Expectations High for Jones

Published Nov. 23, 2010 1:37 p.m. EST

STATS Senior Writer
November 23, 2010

It's easy to see why Terrence Jones was so highly recruited after the way he played in his first game at the Maui Invitational.

Jones and No. 8 Kentucky will take on the school to which he initially committed, then chose not to attend in Tuesday's semifinals against No. 13 Washington, the nation's highest scoring team.

It appeared that Huskies coach Lorenzo Romar had gained a major recruit when Jones made his choice in April, lining up the hats of prospective schools before pulling on one for Washington.


Just a few hours later, Jones was on the phone with Kentucky's John Calipari, saying he had made a mistake. He called Romar, too, expressing concern about his decision.

A month later, Jones had changed his mind completely, agreeing to play for Calipari in Lexington and leaving Huskies fans shocked, though not Romar.

"I remember he was someone who was confused when it was time to make a decision," Romar said. "He set a date for a news conference to announce what he was going to do that (was) I don't know what I'm going to do now, but when the time comes I'll figure it out.

"When the day got there, he still hadn't fully figured it out. Deep down, I think he always wanted to go to Kentucky."

Jones showed why he was coveted in a 76-64 win over Oklahoma on Monday. He dominated inside on his way to 29 points and 13 rebounds.

The 6-foot-9 forward made clear there is no ill will between him and Romar.

"With this tournament, I'm ready to play whoever wins," he told Kentucky's official athletics website. "I do have a lot of friends on that team and me and coach Romar are good friends."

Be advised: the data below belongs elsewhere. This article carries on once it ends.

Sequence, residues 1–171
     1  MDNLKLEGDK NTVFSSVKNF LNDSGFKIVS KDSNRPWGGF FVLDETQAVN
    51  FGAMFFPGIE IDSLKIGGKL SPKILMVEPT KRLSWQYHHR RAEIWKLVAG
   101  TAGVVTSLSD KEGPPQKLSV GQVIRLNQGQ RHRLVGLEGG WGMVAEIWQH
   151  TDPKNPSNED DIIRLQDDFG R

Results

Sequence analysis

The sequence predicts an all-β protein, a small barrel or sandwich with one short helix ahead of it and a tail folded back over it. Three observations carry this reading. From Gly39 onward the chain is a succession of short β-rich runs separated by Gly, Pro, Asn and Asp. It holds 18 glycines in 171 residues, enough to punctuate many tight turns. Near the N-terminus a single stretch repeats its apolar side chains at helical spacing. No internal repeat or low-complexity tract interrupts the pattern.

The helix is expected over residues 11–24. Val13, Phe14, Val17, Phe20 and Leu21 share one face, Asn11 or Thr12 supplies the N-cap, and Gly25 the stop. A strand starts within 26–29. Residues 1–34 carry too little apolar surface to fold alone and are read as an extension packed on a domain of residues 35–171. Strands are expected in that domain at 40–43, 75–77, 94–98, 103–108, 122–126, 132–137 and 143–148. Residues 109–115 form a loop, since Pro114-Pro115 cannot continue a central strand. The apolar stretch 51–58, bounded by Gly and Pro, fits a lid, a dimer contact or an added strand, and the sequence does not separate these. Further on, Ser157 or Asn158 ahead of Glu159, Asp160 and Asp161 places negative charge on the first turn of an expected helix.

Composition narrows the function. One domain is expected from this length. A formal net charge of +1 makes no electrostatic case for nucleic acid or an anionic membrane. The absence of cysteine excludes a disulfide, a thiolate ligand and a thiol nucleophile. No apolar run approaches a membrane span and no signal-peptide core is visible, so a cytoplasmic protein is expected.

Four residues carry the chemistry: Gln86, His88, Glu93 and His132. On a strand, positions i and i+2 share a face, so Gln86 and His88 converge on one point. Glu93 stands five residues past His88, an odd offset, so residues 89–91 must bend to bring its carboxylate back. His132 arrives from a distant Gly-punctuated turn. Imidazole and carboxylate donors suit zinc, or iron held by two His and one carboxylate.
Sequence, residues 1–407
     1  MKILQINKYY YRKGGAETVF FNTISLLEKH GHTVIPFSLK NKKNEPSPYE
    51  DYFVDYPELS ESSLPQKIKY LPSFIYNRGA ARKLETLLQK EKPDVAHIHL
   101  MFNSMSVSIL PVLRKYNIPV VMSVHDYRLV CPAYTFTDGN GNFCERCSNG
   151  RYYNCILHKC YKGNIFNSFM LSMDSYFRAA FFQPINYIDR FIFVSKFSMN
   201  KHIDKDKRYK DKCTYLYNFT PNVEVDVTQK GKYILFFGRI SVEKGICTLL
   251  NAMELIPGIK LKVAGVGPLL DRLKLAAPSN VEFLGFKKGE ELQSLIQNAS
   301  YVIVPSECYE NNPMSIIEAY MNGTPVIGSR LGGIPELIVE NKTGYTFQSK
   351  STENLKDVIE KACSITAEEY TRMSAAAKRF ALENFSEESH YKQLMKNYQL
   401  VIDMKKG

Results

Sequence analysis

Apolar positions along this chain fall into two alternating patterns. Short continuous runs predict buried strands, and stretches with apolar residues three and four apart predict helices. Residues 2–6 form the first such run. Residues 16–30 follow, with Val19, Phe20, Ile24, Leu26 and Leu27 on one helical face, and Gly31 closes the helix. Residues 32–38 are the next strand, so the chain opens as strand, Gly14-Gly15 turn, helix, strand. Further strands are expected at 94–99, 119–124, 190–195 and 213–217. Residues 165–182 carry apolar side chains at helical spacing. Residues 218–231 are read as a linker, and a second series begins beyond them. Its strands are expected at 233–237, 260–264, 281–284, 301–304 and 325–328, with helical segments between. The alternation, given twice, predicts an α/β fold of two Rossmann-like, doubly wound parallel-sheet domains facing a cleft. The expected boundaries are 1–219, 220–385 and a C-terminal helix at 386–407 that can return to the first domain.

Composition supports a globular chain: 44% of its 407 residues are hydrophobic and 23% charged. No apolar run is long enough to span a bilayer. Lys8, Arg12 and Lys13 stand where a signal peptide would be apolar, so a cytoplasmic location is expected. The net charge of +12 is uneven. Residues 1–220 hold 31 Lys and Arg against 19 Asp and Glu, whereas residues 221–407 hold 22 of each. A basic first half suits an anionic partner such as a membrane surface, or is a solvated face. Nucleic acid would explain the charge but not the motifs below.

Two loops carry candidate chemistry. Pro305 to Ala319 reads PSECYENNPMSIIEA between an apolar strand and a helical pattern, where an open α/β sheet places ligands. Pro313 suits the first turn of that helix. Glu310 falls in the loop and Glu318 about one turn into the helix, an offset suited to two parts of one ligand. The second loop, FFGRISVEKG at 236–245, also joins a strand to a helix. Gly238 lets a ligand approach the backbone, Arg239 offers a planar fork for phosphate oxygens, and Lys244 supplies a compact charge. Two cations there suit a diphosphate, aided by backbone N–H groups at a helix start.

Kentucky (3-0) won the tournament in its first Maui Invitational in 1993, but lost in the semifinals in each of its next three appearances.

"We respect Kentucky's program and the job they do," Romar said. "Terrence Jones is a fantastic basketball player, but we're not coming out there because of any type of rivalry. We're coming out because this is the next opponent and we have to play at a high level."

Washington (3-0) made 17 3-pointers as part of an overwhelming performance Monday in its Maui Invitational debut, a 106-63 rout of Virginia. Isaiah Thomas scored 14 of his 18 points in a first half that ended with the Huskies up by 24.

"We're ready," Thomas said. "The lights are on and we always say the bright lights are fun, so we're ready for whoever our next opponent is, and that's Kentucky."

C.J. Wilcox scored 17 points and fellow freshman reserve Terrence Ross - Jones' teammate last season at Jefferson High School in Portland - chipped in with 12. The Huskies are averaging a Division I-best 107.3 points.

The lone previous meeting between these schools came in the first round of the 1985 NCAA tournament. Kentucky won 66-58.